Road rage over closure at power plant

The new holding tank at the Ineos site in Grangemouth
The new holding tank at the Ineos site in Grangemouth

Ineos has sparked a row by calling for part of the main route that links Grangemouth with Bo’ness to be closed permanently.

A 150 metre stretch of the A904 Bo’ness Road between the roundabouts at Inchyra Road and Wholeflats Road was shut last March to allow work to be carried out on a pipebridge ahead of Europe’s biggest ethane storage tank being built on the site.

The project was a key part of a £450 million investment to get the company ready to import the gas from the United States.

A Temporary Traffic Regulation Order (TTRO) granted by Falkirk Council to allow materials to be delivered safely expired on March 31 and the road which runs through the middle of the sprawling petrochemicals complex has now re-opened to traffic.

But the move has been criticised by Ineos bosses who have complained to the council it “defies common sense” - and raises safety concerns.

John McNally, chief executive officer of Ineos 0&P UK, said: “This is the only major site within Ineos Group with a public highway running through it.

“It is clearly not best practice and opens up long term concerns on continuing to secure the safety of the public traversing a site which is about to begin importing and storing huge quantities of US shale gas and will run at full capacity for the first time in almost a decade.”

Ineos say re-opening that part of Bo’ness Road is unnecessary because there is a “perfectly good” alternative route that runs around the edge of the site.

Mr McNally added: “We have had a number of discussions with Falkirk Council about the Bo’ness Road and advised them against re-opening it.

“Having a public thoroughfare running through a massive petrochemicals plant results in obvious and unnecessary added safety concerns which we have to manage. Our employees and contractors have all been fully trained to respond to any issues that might arise on the site, but the general public have not.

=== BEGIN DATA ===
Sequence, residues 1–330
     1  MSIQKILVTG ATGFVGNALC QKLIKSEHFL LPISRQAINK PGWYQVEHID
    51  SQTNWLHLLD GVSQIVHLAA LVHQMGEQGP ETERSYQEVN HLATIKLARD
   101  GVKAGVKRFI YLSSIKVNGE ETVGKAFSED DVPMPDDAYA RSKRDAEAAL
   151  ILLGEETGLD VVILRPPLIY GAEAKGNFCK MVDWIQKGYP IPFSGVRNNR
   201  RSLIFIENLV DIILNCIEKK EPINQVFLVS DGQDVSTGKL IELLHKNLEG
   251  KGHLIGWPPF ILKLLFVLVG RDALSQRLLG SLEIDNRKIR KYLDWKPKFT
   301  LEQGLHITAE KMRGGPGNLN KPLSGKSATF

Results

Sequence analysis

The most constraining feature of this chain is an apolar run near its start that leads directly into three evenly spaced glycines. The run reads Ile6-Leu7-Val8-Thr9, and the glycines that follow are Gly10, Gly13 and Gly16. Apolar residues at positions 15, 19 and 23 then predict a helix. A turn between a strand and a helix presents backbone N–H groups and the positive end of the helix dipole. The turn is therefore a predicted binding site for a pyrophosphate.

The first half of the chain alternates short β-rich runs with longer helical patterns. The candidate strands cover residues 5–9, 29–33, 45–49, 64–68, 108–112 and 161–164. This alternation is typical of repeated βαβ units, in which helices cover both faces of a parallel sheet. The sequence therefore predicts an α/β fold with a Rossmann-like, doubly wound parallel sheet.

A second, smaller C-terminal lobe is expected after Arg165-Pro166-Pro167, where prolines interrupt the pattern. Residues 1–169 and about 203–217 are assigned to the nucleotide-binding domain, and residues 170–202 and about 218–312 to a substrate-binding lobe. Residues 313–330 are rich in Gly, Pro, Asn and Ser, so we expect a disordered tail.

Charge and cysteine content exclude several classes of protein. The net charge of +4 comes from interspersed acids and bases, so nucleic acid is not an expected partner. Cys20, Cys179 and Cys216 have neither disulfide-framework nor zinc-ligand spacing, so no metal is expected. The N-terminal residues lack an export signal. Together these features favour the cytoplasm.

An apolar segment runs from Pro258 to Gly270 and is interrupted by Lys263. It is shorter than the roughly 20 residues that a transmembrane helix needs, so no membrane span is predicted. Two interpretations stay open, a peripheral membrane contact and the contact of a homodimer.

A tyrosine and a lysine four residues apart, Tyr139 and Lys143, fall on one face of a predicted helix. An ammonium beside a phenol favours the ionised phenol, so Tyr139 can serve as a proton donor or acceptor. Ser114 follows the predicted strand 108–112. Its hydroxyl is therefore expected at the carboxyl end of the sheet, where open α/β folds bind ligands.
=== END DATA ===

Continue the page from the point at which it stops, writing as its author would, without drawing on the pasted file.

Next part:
“While we understand the local authority’s need to keep public roads open, we feel very strongly that in this case the public interest would be better served were the road to remain closed. Safety is always our top priority and it is clearly an added burden to continue to protect the safety of the public who are untrained in our processes and have unfettered access to the middle of a chemical plant, particularly one that is undergoing significant expansion.”

Yesterday (Wednesday) Rhona Geisler, the council’s director of development services, said: “Ineos applied for a Temporary Traffic Regulation Order to close this road while they carried out extensive works to upgrade the site. It expired on March 31 and the road has reopened as the work on site is complete.”

The concerns raised by Ineos sparked a storm on social media.

Carrie Aitken tweeted to The Falkirk Herald’s Facebook: “So it’s only a safety issue now? Why were they allowed to build such a ‘dangerous’ tank so close to the road? Because they are Ineos and they can do what the like. Time the people of Grangemouth and Bo’ness stood up against the bully boys.”

Donald Hope said: “The road is a public right of way. What are they going to do, shut the plant? Don’t make me laugh. They are at it again!”

Charlie Hamilton said: “This is no more than a multinational trying to flex its power over the locals.”

Nadine Kennedy said: “What a farce. They should never have been allowed to build the tank in the first place.”